Jerusalem’s Bus Drivers Are Sitting Targets

They can only guess who might be the passenger planning to attack them.

Tirza Flor
Tirtza Flohr
Palestinian mourners attending the funeral of bus driver Yusuf Hassan al-Ramouni in the West Bank town of Abu Dis, near Jerusalem.
Palestinian mourners attending the funeral of bus driver Yusuf Hassan al-Ramouni in the West Bank town of Abu Dis, near Jerusalem. Credit: Reuters
Tirza Flor
Tirtza Flohr

About 20 years ago, when suicide bombings were frequent, buses were blown up, dozens killed and hundreds injured, I found myself using public transportation quite often. It was frightening, but that was the only way I could get to the university. Then, one day, the security guards began riding the buses too. They had a permit to peek into people’s bags, to ask them for their identity cards, to verify who they were and what the purpose of their journey was.

But what I remember most vividly is one occasion when there wasn’t a security guard on the bus. Two seats in front of me sat a young man who had entered the bus at the same stop as I did, across from the university. After a few stops the seats were full and passengers were standing in the aisles. Yet no one sat in the lone vacant seat next to the young man. Something else was going on too. Whispering. The type that you could notice above and beyond the routine chit chat. The whispering intensified, eventually reaching the driver. At the next station he stopped the bus, stood up and approached the young man. “Open your bag,” he demanded. The young man refused. He did not understand what the driver wanted from him; the passengers were glaring furiously. Finally he got it. “I’m not an Arab,” he told the driver, “I’m not an Arab.” The driver eased off, and the bus moved on. I am not sure who else among the passengers, except for the young man, felt deep shame.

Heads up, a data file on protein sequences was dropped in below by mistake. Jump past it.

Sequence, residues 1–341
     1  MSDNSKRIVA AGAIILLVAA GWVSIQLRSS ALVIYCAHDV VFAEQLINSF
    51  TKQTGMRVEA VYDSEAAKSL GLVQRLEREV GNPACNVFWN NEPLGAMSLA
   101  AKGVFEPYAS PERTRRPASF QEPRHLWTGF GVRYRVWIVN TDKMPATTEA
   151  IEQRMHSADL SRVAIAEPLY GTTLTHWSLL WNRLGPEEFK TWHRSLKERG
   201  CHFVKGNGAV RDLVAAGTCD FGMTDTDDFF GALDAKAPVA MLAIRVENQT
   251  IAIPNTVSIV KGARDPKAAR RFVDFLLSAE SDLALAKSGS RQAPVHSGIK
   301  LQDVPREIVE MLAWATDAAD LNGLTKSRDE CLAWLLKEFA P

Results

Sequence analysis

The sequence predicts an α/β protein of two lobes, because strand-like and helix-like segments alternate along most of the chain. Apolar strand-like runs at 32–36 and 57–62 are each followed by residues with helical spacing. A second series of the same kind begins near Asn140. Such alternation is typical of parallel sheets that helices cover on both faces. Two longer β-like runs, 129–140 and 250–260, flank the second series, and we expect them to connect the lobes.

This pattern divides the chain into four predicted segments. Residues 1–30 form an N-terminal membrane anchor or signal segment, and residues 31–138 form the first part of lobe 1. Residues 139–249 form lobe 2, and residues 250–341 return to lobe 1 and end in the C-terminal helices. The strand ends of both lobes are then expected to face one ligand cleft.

When I read Nir Hasson’s article on the violent attacks against Arab bus drivers, this memory resurfaced.

Why? It’s not the same thing, these are not the same cursed times. These are different cursed times. But then, as here and now, the bus drivers are in danger simply because they are bus drivers, and Arabs are the targets of hostility simply because they are Arabs.

In recent weeks, Hasson reports, 40 Arab bus drivers who work on Egged routes in Jerusalem have quit in the wake of the wave of violence against drivers. Another 60 Arab bus drivers have not quit yet, but have stopped coming to work. How can a bus driver work if the passengers endanger his life? He can’t get off at the bus stop or even change places. Like a sitting target he can only guess who will decide to attack him, curse him, spit on him, beat and injure him. He knows which neighborhoods are habitually troublesome, maybe he even recognizes the dangerous passengers. And then what? The troublemakers get on the bus, pay for a ticket, and ride with him until the last stop so they can lynch him. Because he is an Arab. You’ve proved you are not an Arab? Then maybe they won’t beat you. But it is possible a “kosher” Jewish driver will get hit in turn by a volley of rocks — in a different neighborhood. A pluralistic city, Jerusalem is, there is violence for everyone.

Egged did not ground its buses in protest over these attacks, not in Jerusalem and not in any other city. Nor did any other public transportation company. Like 20 years ago, buses continue to travel even under fire. The right to movement and mobility, like people’s need to earn a living, keeps them running. The right to work in your profession without having your life threatened — that is already a different matter. For that you need to hire security guards.

Security guards on buses will not change the situation. It will not stop the racist violence, it will not eliminate the hatred; nor will it bring peace. But it would reduce the sense that murder is allowed.

So why don’t they do it? Apparently the decision makers don’t ride buses. And they are not Arabs either.

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